Typical assessments are iterative, with various methods applied. The assessment is focused on highly stressed, fatigue-sensitive components of the inner tank, and covers aspects such as the foundation, insulation, penetrations, and platforms.

Critical components of the inner tank include the circumferential weld of the shell to the annular plate; shell penetrations; and circumferential lap weld of the bottom plate to the annular plate. Underpinning the assessment are:

  • Finite Element Analyses (FEA) to identify regions that are susceptible to fatigue.
  • Fatigue analyses using crack growth models and damage accumulation mechanisms to estimate consumed and remaining design life.

The spectrum of topics covered is vast, and a complete depiction of the entire analyses is impractical. Therefore, only a few items are presented here.

A key issue in FEA modeling is the need to correctly mimic the as-built conditions to accurately depict peak stresses.

Another issue is geometric Stress Concentration Factors (SCFs). Occasionally, the FEA model and mesh size is not adequate to model the peak stresses. In such cases, SCFs can be utilized to properly depict the values. The SCFs are based on published literature and experience of the analyst.

Fatigue is the driving mechanism in an LCA evaluation, as tanks are continually loaded and unloaded. Due to repeated or fluctuating stresses, pre-existing minute cracks in material grow. A fatigue sensitive component will fail when these cracks propagate to a level that cannot be sustained.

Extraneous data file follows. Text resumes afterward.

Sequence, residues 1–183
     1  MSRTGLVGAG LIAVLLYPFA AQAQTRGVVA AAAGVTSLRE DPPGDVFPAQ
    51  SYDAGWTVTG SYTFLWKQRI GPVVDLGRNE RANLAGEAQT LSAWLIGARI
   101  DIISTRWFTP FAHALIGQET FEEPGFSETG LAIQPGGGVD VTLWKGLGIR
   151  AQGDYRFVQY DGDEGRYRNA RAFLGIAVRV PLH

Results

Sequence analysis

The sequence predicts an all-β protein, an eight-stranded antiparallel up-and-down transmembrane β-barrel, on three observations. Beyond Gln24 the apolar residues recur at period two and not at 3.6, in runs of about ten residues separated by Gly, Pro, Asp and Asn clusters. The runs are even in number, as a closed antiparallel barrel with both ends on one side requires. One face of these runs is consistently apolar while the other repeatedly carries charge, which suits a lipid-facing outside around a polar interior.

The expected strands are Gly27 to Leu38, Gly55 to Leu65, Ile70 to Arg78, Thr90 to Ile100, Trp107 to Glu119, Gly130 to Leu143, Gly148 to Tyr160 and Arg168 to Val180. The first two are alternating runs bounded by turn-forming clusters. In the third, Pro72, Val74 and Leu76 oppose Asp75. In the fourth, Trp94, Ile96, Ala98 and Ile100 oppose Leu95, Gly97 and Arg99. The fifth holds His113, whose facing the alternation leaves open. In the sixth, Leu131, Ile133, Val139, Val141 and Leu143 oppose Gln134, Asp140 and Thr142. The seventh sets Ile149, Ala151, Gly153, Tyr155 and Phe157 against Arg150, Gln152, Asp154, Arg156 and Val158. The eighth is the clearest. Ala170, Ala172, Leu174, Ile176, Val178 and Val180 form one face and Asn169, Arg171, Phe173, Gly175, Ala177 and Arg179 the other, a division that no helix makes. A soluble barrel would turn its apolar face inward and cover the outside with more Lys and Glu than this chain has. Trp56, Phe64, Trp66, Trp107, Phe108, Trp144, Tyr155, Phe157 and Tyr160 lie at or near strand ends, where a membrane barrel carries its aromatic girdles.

Two approaches can be used for fatigue. The first is an S-N Curve Approach, where there is a finite number of cycles at a stress range at which a component fails. These curves exist for both smooth bar specimens and welded joints. For a specific joint under consideration:

  1. Stress ranges are determined using loads in a load cycle.
  2. The number of cycles at a joint for each load/unload cycle are identified using the loading regime.
  3. For every stress range associated with a load cycle, the number of cycles to failure is determined from published S-N Curves.

The ratio of cycles in the second and third items yields a damage fraction for a load cycle. Using a cumulative damage rule, such as the Miner’s rule, one can determine the life of the joint under consideration. The cumulative damage fraction has two parts: life consumed and life remaining. Once all components have been evaluated, the minimum life remaining will yield the RSL.

Like an SCF, the surface profile of the welds used in construction amplifies the impact of fatigue. The impact is handled by using Fatigue Strength Reduction Factors (FSRF), which are selected by the analyst based on experience and as published in codes and standards.

In general, the S-N Curve approach yields an idea of the RSL of the components that make up the cryogenic storage tank. However, it does not provide any information on intermediate stages of propagation of a crack, due to the loading/unloading cycles.